Why do my double glazed windows fail/blow & steam up?
We get asked this question all the time, "What causes my windows to steam up?". The reason double glazed units fail is down to something called, solar pumping. Solar pumping is used to describe the movement that takes place in a double glazed unit from the change in weather conditions. As the temperature increases during the day the unit heats up and expands and when the temperature decreases the unit cools down and contracts. This process is called solar pumping and over a period of years is enough movement to break the seal and cause condensation to build up inside the unit. Conservatories and windows facing the sun are notoriously bad for failing due to the excessive change in temperature between day and night.
The rubber seals have shrunk, does this cause the double glazing to fail?
The simple answer is no. This is a very common misconception, although they can be unsightly they really don't contribute at all to the break down of a double glazed unit. The reason for double glazed units failing has been outlined above. The purpose of rubber seals, known as gaskets, are to hold the double glazed unit in place, help prevent draughts and excess water from getting into your frames. All uPVC window frames tend to be designed with drainage holes and therefore any excess water that may enter the frame due to shrunken gaskets should drain away and not cause any issues.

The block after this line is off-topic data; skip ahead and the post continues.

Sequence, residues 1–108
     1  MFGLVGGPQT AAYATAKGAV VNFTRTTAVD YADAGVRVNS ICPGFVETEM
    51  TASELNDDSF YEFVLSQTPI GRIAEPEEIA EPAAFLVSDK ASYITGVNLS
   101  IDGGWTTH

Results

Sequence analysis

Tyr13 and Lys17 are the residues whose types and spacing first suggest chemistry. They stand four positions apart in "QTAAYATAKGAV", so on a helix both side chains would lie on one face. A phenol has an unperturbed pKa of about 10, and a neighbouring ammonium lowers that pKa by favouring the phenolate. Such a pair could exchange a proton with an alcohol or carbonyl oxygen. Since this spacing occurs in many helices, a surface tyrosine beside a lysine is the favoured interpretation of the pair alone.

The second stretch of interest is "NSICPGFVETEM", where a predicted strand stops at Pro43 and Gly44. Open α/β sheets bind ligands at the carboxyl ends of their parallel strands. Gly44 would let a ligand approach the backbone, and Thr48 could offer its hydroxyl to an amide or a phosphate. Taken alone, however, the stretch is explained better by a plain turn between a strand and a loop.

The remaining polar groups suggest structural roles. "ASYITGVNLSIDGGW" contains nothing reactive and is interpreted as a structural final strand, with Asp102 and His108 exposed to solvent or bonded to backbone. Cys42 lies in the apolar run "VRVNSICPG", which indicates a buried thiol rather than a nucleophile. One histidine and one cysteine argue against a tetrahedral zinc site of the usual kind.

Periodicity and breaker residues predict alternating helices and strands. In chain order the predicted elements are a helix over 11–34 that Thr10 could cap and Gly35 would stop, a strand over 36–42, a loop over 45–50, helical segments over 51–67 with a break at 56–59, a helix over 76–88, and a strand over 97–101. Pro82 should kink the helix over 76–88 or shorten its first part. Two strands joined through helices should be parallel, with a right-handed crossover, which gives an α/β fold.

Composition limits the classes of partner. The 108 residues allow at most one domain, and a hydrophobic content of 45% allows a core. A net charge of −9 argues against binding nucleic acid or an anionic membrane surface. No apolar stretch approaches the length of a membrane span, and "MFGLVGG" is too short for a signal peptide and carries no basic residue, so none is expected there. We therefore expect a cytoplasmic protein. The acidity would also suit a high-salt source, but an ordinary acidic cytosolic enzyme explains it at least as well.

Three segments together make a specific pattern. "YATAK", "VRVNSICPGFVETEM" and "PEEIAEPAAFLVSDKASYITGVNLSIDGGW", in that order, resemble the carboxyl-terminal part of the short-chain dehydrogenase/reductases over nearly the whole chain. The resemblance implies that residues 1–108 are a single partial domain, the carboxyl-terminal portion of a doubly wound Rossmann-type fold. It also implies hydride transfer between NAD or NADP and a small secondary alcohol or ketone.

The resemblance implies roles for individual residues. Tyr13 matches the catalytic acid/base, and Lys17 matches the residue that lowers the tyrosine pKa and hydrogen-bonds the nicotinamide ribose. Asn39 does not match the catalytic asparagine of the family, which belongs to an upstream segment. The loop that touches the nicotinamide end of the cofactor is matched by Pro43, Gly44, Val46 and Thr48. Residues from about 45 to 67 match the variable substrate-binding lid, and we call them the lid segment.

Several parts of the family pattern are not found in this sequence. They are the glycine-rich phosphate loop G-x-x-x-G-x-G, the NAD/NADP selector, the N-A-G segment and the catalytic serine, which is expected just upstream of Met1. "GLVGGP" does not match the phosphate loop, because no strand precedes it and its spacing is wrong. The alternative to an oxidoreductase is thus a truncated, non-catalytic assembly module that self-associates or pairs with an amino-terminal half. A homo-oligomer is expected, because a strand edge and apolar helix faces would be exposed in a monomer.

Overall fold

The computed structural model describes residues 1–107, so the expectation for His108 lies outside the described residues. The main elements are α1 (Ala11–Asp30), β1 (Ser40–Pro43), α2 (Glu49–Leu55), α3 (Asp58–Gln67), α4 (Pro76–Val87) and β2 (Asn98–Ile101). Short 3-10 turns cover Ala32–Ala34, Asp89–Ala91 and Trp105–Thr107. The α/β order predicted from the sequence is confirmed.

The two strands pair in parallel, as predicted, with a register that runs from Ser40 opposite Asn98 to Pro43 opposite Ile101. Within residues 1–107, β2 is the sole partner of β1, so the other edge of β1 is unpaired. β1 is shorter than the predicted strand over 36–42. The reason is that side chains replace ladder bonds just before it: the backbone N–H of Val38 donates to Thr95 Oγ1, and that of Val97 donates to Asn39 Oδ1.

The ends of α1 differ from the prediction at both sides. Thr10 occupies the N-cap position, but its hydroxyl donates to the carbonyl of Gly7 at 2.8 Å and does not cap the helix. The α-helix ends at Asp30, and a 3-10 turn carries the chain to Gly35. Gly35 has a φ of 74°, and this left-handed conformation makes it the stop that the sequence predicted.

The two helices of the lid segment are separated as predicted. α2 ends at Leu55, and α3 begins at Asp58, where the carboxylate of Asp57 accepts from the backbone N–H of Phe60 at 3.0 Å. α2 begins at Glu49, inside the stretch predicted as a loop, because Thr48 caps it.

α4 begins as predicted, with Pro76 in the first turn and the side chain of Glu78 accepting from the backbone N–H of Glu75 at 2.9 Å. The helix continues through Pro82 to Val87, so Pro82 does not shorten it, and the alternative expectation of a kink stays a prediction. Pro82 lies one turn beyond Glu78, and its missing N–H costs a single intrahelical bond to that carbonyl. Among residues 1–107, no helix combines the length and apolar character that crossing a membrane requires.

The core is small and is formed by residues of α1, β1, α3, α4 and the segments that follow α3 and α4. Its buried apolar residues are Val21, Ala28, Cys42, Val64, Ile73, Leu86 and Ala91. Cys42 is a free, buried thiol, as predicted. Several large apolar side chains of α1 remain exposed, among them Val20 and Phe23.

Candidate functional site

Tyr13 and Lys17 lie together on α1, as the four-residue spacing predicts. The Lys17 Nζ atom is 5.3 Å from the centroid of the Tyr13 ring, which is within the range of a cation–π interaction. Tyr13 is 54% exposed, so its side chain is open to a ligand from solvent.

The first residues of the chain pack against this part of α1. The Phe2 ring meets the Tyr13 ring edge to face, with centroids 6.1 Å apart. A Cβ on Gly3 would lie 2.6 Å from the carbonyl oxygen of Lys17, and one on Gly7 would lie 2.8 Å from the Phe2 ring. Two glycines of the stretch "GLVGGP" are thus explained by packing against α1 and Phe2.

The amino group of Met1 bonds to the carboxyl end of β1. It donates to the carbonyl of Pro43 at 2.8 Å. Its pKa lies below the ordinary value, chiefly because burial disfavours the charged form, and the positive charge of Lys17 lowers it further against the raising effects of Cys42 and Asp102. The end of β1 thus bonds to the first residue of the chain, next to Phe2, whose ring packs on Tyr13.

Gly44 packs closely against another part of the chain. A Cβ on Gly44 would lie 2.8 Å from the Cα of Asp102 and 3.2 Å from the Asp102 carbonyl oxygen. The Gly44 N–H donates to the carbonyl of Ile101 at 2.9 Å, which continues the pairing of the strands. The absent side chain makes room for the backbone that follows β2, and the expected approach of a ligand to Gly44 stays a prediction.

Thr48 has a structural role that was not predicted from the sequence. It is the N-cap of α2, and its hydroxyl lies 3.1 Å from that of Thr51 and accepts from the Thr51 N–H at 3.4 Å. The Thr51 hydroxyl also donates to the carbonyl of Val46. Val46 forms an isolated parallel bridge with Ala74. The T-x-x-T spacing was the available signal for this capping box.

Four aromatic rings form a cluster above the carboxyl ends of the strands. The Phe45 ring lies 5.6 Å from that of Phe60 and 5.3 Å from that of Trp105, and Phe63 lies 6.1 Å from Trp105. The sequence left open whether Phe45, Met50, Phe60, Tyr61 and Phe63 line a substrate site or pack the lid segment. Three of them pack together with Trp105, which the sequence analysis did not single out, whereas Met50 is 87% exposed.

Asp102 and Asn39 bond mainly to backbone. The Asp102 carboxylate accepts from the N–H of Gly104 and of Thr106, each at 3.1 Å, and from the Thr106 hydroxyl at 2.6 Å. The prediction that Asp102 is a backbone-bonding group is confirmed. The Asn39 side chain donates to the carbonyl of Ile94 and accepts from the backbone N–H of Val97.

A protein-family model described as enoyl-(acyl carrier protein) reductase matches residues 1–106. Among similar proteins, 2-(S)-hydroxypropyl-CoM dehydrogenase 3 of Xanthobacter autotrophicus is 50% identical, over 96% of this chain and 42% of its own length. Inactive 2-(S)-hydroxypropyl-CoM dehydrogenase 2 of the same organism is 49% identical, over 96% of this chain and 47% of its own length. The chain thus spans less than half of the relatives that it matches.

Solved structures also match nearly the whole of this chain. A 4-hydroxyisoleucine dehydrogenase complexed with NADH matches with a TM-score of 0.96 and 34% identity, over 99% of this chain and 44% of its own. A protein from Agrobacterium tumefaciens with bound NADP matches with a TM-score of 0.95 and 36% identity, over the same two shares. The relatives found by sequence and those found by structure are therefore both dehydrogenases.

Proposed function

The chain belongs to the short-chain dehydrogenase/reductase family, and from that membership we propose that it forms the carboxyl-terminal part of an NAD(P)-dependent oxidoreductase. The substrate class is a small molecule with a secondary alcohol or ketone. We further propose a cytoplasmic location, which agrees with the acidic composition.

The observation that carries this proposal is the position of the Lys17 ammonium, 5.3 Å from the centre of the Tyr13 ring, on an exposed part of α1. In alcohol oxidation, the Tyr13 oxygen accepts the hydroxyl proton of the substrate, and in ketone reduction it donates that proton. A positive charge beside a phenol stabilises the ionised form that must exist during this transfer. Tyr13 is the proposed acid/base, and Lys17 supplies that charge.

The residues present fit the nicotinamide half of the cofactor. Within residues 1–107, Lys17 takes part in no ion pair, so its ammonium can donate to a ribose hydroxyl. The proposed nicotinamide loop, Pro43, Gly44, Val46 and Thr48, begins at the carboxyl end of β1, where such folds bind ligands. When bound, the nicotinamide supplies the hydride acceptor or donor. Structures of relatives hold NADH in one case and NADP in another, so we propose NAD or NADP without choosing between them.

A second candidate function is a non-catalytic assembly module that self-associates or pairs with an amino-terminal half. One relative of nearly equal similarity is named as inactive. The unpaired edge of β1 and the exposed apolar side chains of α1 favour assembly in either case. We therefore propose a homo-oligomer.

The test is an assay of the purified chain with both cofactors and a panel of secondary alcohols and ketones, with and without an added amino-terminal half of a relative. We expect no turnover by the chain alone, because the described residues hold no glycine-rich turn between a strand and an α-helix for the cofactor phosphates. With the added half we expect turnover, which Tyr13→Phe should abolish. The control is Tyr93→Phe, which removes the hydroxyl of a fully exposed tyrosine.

Why do my windows stream with condensation?
Condensation can take many forms when it comes to double glazing. As covered in the first answer condensation forms between the glass when the seal joining the two panes of glass breaks down, allowing fresh air and moisture to build up. There are lots of people who's double glazing has not blown, but suffer from excessive internal condensation on their windows, creating lots of unwanted mopping up in the mornings. This is a very common problem in winter time and especially living in the damp climate of the south west. It occurs due to a number of reasons, but essentially is a result of heat loss through the glass causing moisture in the air to condense when it comes in contact with the cold surface of the glass. The extent of the condensation can vary due to a number of factors such as humidity of a building and ventilation. If you click HERE there is all the information that you need with regards to what causes internal condensation, what can be done to tackle the problem and why with newer, more efficient glazing we sometimes see condensation form on the outside of the glass.